Sunday, January 13, 2013

BLOG 35. WindPaddle Sail Review

BLOG 35. Wind Paddle Sail Review
Cliff Jacobson
Cliff with WindPaddle sail: Kautikeino River, Norway. 14' pakboat

If you’ve ever attached a make-shift sail to a canoe, you know the problems.  Without a secure attachment to the rails, the sail may tear, the mast may break or the surging canoe may capsize. 

The common way of rigging a field sail on a canoe is to scroll a small tarp around two paddles.  The bow person anchors the paddles against his feet and takes firm hold of the shafts, closing or opening the scrolled sail as the wind demands.  The stern person rudders to hold the course.  This works marginally well as long as the wind is from behind and not too strong. Tacking is out-of-the-question—makeshift rigs go with the flow. 

Two summers ago, Alv Elvestad, owner of Pakboats (best folding canoes on the planet, in my opinion), invited me to join him on a canoe trip in Norway.  Our plan was to paddle (in solo canoes) three whitewater rivers in Norway and Finland.  There was plenty of open water along the route so Alv decided to bring some sails for the canoes.  I was skeptical because I’d sailed canoes alone when I was a kid, but this was with a dedicated lateen rig and secured lee-boards. I couldn’t imagine how one person could sail a solo canoe without a secure rudder and cleated lines.
Choose your color: red, yellow or blue!
When we finally encountered a long stretch of open water and a nice tail wind, Alv produced four “WindPaddle” sails, one for each of our solo canoes.  There are several models; ours was the “Adventure Sail”, designed for canoes and kayaks 14-18 feet long and winds of 5-30 knots. 

PaddleSails feature a tough, spring-like batten around the perimeter that holds them in shape. Coil the batten (the technique is easy but requires practice) and the full diameter of the sail (42 inches for the Adventure model) shrinks to 15 inches, or about the size and thickness of a large Frisbee. Pull the elastic release cord and the colorful nylon sail snaps into its full size and shape. 
Yes, you can tack with these sails!

Installing the PaddleSail on a canoe is easy.  Just snap the two security lines to the gunnels or a thwart ahead of the paddler. Place the continuous sheet line (cord) behind your neck—this may be the safest plan in high winds—or clip it to your seat. The unbreakable perimeter batten maintains the circular sail shape and allows the sail to be rotated for tacking. A large plastic window in the sail center provides a view of the road ahead. You sit (on the seat or floor) and hold your paddle (rudder) with both hands. The sail takes care of itself. If the wind force becomes more than you can handle, just lean forward and allow the sail to collapse and spill the wind—the sheet line slips easily off over your head.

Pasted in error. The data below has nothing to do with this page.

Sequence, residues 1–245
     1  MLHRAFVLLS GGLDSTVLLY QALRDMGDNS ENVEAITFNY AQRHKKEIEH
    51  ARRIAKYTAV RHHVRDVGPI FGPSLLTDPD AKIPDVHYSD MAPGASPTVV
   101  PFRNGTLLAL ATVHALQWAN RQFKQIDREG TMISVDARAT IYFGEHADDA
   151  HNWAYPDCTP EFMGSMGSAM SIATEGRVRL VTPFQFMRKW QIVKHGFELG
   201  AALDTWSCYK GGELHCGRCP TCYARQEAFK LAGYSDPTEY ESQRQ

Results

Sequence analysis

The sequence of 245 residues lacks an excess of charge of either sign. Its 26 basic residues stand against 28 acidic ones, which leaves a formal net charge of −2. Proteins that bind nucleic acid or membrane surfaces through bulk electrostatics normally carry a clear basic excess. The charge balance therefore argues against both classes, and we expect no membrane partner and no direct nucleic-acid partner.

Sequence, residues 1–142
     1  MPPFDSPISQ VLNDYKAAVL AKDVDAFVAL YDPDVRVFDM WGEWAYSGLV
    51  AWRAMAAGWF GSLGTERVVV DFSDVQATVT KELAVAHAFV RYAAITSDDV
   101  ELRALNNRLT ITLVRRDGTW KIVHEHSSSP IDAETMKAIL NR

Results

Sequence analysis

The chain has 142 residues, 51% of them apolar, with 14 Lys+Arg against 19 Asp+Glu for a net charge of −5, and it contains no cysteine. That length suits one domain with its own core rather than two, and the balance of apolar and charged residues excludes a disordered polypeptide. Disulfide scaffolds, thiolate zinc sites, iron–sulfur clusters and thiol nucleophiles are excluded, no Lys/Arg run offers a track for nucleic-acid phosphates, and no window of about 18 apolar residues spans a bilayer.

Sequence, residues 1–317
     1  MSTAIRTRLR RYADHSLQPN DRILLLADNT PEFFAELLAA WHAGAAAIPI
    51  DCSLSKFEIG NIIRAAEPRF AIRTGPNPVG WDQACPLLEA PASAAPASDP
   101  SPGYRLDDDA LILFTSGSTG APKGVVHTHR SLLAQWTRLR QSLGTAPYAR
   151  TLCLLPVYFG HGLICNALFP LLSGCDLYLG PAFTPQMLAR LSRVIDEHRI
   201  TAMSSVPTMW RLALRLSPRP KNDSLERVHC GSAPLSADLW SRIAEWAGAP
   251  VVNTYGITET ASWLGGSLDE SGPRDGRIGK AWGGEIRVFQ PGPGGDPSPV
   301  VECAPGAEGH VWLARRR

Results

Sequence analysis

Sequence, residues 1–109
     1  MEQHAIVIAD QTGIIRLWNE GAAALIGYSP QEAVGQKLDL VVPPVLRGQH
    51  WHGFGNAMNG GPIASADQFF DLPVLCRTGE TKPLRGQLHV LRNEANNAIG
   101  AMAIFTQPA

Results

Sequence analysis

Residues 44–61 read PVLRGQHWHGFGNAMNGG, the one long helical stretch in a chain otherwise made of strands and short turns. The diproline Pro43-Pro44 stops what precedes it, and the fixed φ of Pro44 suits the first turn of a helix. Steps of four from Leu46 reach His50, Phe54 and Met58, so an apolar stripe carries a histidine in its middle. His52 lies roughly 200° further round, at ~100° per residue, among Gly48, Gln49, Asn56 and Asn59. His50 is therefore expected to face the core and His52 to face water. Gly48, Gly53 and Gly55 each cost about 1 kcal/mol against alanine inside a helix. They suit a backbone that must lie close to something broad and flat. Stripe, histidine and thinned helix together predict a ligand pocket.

Unlike most “instant” canoe and kayak sails, the WindPaddle sail opens instantly (like in two seconds!) from it’s coiled/compressed on-deck location, and it folds compactly for storage just as quickly. The center of force of the sail is low, about the same level as the paddler, which makes the sail extremely stable and the ride smooth and predictable.  A simple sail height adjustment, coupled with the continuous sheet line, allows the sail to be rotated.  This permits serious tacking.
In summary: The PaddleSail is the best touring canoe sail I’ve used on a canoe. It is lighter, faster into and out of action, and it provides better control than any makeshift or production “quickie” sail I’ve used. It takes up very little space in a pack. Most important, it is extremely safe in high winds.  On our Norway trip, we sailed our solo canoes down a curvy river for about four hours in variable winds of 5-15 miles per hour.  It was easy to tack around the curves and eddies.  We grew to love the PaddleSails and couldn’t say enough good things about them.

Specifications (Adventure Model):

Touring and Expedition boats 14’ – 18’
Target wind range – 5 – 30 knots (has seen 40+ knots!)
Target paddler – intermediate to expert
Off-wind sailing envelope - +180 degrees
Sail Data: Deployed diameter - 42" (106.7 cm.),  Coiled/folded diameter - 15" (38.1 cm.),  Sail area - 9.62 sq. ft. (0.8937 sq. m²)
Weight - 13 oz. (0.37 kg.)
$169.95 USD

Check out the PaddleSail at  It is made right here in the U.S.A.

Cliff Jacobson

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